Like so many consumer cyclical stocks, Starbucks (NASDAQ:SBUX) was stung by the novel coronavirus pandemic. Like many of its peers, SBUX stock is rebounding as its stores reopen and amid hopes for a V-shaped economic recovery.
Off its March lows, Starbucks is up almost 56%, an advantage of more than 600 basis points over rival McDonald’s (NYSE:MCD). Investors’ faith in the world’s largest coffeehouse operator as Covid-19 rebound play isn’t necessarily misplaced. Like some other consumer-driven companies, Starbucks has a track record of dealing with crises and shocks, including the 9/11 terrorist attacks and the global financial crisis, among others.
Data confirm reopenings are significant for the java giant. As a non-essential business, Starbucks, like McDonald’s and other fast food and fast casual concepts, was mostly relegated to drive through and delivery during the worst days of the coronavirus shutdown. As its stores come back online – the company expects 90% will reopen this month – it’s recouping same-store sales.
However, reopening news is largely priced into Starbucks. What’s potentially tricky about this stock from here is that its recent price action suggests a couple things that don’t come with guarantees of materializing.
First, a 56% rally for a company of this size in just over two months implies that many of the roughly 40 million jobs shed by the U.S. economy during the pandemic will be rapidly restored. Second, the stock is acting as though consumer spending habits aren’t changing as a result of Covid-19.
SBUX Stock Not Necessarily a Sell, But …
A key benefit enjoyed by Starbucks and its investors is loyalty. A 2016 study by researchers at Cal Poly Pomona suggests the company doesn’t just have brand loyalty. It also fosters attitudinal loyalty and behavioral loyalty.
The uniqueness of the coronavirus situation could test customers’ loyalty to Starbucks. As Evercore ISI analyst David Palmer notes, Starbucks and rival Dunkin (NASDAQ:DNKN) made some missteps in the hyper-competitive breakfast arena. That’s something to consider in a post-virus world. Between all those Zoom meetings and home schooling of the kids, folks that were forced to work from home were eating breakfast at home, too.
Some probably noticed the savings they enjoyed by not eating breakfast out everyday or several times a week. Others may now permanently work from home or for an extended period of time, potentially eating into the audience for fast casual breakfast fare.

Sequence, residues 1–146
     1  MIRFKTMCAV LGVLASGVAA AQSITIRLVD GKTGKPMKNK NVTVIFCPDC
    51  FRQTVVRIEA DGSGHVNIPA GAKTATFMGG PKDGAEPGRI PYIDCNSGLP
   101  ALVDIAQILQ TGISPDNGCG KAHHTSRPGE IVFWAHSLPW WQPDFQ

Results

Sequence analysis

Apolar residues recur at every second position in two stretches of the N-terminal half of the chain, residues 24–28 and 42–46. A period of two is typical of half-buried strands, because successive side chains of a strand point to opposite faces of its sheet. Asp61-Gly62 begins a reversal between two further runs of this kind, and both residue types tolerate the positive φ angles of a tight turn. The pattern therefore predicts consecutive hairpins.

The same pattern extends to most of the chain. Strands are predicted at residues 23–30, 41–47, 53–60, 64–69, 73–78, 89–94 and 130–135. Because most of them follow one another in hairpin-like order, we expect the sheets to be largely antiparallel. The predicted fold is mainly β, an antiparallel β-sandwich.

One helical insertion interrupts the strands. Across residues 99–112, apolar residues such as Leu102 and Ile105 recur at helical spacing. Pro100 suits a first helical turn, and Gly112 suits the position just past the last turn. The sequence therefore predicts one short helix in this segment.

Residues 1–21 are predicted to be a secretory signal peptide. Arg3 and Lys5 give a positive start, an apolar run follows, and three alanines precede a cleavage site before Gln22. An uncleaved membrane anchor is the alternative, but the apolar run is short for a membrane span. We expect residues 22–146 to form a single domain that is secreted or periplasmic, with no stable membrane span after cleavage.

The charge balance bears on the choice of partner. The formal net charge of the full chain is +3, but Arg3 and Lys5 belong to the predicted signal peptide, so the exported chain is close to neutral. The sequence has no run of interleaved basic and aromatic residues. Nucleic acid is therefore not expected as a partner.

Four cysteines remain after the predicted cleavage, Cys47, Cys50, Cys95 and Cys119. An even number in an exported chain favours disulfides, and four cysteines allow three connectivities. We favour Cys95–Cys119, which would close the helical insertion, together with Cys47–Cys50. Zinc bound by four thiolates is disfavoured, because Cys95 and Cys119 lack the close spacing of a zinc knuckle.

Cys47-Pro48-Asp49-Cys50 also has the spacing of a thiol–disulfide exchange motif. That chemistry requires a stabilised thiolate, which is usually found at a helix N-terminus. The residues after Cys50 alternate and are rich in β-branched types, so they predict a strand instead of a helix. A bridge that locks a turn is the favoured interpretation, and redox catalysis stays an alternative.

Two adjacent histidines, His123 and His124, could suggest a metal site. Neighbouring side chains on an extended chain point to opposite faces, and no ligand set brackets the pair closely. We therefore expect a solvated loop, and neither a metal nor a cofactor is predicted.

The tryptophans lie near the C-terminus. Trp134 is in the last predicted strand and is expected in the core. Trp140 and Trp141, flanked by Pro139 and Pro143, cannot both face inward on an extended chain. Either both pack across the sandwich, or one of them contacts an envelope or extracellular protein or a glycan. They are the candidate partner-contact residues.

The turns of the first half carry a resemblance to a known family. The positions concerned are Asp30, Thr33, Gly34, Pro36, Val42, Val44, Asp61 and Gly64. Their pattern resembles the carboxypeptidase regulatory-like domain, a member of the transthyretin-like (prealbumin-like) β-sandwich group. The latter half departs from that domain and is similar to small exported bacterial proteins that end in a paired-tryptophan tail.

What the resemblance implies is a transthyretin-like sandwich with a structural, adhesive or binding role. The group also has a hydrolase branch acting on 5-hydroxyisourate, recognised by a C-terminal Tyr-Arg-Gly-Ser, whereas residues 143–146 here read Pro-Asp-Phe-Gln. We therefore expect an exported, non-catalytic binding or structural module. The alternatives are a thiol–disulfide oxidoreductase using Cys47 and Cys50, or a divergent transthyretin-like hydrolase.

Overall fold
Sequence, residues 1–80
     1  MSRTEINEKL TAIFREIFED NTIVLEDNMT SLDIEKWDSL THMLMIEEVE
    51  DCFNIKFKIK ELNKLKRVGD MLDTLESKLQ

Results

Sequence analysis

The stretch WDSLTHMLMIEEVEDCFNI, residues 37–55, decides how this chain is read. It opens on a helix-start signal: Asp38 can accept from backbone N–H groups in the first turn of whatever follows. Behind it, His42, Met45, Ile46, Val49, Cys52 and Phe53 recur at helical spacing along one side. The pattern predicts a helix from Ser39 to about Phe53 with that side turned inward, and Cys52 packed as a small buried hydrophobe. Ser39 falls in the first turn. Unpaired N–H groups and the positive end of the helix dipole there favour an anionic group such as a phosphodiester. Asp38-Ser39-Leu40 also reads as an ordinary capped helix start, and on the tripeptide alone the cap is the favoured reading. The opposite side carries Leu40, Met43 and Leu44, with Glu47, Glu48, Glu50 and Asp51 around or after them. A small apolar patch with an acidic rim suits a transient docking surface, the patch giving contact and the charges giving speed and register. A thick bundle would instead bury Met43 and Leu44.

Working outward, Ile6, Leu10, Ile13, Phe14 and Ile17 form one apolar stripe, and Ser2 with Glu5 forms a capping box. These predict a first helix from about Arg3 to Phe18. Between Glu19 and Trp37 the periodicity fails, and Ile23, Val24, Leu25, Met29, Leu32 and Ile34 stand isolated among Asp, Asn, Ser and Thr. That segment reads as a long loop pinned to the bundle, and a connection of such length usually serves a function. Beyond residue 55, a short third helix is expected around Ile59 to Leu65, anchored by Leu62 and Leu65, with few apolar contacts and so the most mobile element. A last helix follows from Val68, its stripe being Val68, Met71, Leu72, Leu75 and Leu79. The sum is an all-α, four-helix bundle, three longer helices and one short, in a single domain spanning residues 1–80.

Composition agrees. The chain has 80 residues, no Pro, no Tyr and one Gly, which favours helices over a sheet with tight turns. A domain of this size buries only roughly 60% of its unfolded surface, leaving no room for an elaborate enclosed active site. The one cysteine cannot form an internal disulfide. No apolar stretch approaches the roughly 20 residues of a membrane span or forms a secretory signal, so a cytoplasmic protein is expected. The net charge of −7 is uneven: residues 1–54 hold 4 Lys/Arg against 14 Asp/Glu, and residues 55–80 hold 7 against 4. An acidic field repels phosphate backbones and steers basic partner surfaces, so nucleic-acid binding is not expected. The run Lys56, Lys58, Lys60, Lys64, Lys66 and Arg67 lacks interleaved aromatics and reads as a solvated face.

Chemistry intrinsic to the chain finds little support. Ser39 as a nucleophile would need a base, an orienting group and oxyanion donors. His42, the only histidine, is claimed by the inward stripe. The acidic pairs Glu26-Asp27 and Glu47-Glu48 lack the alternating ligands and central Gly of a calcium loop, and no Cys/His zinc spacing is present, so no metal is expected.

Starbucks management is promising to update investors later this month about its operational plans for a post-virus world. Perhaps the update will contain some commentary on breakfast. There’s speculation that the agenda will include Starbucks’ plans for offering curbside pickup and other customer service protocols in a world of social distancing.
Some analysts think those measures could differentiate Starbucks from competitors. At best, it’s a stretch to pin hopes for Starbucks stock on something like curbside pickup. First, watch enough TV and you’ll see plenty of fast food chains offering contact-less drive thru and social distancing measures. Additionally, curbside pickup isn’t proprietary. If it moves the needle for Starbucks, competitors that aren’t already doing so will swiftly follow suit.
Second, get enough customers picking up their orders outside of the store. That not only limits their exposure to the Starbucks experience, it caps how much money they’ll spend on each visit.
There are some high points for Starbucks. Among restaurant chains, Starbucks is “tech-ier” and more innovative relative to its peers, indicating it can adapt to new trends emerging as a result of Covid-19. Plus, the company has some pricing power.
Long-term, it should be able to grow its top line and improve margins. But all of the above are longer-ranging initiatives that may not bear immediate fruit with the stock up 56% in less than 90 days.
Todd Shriber has been an InvestorPlace contributor since 2014. As of this writing, he did not hold a position in any of the aforementioned securities.